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Summary:

It’s not fiber, but it’s not copper either. Fixed Wireless (read certified WiMAX) is just the kind of leapfrog technology that makes sense in emerging telecom markets such as India and China. Certified WiMAX took a big step forward in India today, when local incumbent Bharat […]

It’s not fiber, but it’s not copper either. Fixed Wireless (read certified WiMAX) is just the kind of leapfrog technology that makes sense in emerging telecom markets such as India and China.

Certified WiMAX took a big step forward in India today, when local incumbent Bharat Sanchar Nigam Ltd (BSNL) announced that it would roll out fixed wireless networks in six Indian cities, and will offer high bandwidth connections to corporate customers. The cities where networks would be rolled out include Kolkata (in West Bengal), Bangalore (in Karnataka), Chennai (in Tamil Nadu), Ahmedabad (in Gujarat), Hyderabad (in Andhra Pradesh), and Pune (in Maharastra).


The deployment, which will also cover four rural districts in the State of Haryana, is planned for completion in January, according to Aperto Networks which is supplying the equipment. Bangalore, Hyderabad, Chennai and Pune are four major technology hubs in India and are in severe need of bandwidth. Many US companies have operations in these cities including giants such as Microsoft and Google. The initial deployments would offer speeds upto 2 megabits per second.

This is a second major win for Milpitas, Calif.-based Aperto, which is also a key supplier for a 65-city fixed wireless network being built by another local phone company, VSNL. The network will eventually be extended to 200 cities.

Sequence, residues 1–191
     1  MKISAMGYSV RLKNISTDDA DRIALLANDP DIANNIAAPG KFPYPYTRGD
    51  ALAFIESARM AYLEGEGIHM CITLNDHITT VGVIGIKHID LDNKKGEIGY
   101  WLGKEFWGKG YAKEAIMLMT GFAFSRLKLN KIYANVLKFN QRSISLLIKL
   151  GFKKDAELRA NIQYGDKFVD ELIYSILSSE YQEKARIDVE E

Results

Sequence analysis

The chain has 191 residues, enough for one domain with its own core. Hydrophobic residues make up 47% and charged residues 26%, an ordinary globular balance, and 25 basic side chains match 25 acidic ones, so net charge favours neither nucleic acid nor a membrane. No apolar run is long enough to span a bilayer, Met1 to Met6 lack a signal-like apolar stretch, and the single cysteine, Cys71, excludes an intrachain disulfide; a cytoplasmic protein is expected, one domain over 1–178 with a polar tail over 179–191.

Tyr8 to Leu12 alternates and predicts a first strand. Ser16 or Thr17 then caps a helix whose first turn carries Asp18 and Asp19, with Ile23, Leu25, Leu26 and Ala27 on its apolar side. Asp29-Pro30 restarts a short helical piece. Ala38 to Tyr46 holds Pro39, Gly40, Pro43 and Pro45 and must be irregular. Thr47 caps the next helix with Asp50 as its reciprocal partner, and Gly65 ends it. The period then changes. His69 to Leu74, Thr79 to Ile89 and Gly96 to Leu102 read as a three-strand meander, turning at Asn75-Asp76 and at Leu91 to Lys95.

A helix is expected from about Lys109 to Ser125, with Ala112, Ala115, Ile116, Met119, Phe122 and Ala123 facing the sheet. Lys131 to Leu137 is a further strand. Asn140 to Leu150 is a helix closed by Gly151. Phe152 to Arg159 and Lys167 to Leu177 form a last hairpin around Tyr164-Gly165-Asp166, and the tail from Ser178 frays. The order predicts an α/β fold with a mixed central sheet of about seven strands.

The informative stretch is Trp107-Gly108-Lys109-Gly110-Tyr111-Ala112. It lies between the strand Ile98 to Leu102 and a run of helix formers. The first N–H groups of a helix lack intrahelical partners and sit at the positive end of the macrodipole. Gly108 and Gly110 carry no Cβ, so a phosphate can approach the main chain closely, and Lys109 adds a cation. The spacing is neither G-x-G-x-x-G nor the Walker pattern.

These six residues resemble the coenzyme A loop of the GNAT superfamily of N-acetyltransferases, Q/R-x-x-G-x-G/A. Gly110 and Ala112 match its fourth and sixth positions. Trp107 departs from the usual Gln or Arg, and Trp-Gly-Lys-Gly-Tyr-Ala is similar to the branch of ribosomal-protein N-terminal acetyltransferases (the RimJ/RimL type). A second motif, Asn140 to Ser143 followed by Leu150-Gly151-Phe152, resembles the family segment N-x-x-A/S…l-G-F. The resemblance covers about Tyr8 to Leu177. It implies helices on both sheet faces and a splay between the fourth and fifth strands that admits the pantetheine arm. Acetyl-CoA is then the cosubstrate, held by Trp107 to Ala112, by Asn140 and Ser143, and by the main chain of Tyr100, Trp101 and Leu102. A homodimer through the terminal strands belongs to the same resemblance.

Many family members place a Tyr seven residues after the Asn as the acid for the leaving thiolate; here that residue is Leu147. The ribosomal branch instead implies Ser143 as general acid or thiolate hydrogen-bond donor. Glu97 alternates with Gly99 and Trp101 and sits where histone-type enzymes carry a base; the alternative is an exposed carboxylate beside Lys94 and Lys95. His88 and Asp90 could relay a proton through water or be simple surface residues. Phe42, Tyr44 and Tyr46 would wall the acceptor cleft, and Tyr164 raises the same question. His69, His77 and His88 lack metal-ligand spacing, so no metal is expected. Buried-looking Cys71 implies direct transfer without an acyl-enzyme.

In addition to these networks, Intel has WiMAX trials planned for Mumbai, New Delhi, Pune and Bangalore. Like Intel, Alcatel is also aggressively pushing WiMAX in India. Indian ISP DishNet has fixed wireless networks deployed (or under development) in eight cities, and is targeting the consumers. Nokia will start selling WiMAX gear in 2007, and Motorola also is planning to jump into the fray, according to local media reports.

According to a report by research firms Maravedis and Tonse Telecom India will have 13 million WiMAX subscribers by 2012. The demand for wireless broadband gear is going to add up to about $4.5 billion by 2012. Still, these numbers should be taken with requisite caution. The cost of transmission gear remains high, and the customer premise equipment is still expensive by local standards. Given that fixed wireless frequency of choice in India is 3.3-to-3.4 GHz, India is unlikely to benefit from the economies of scale that would come with WiMAX. Globally, WiMAX signals are likely to be transmitted in the 2.5-to-2.69 GHz band.

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  1. Om, you know India. What do you think about analysts reports that claim Wimax isn’t a good fit for India because of expensive end-user devices.

  2. Harshal Vaidya Friday, December 15, 2006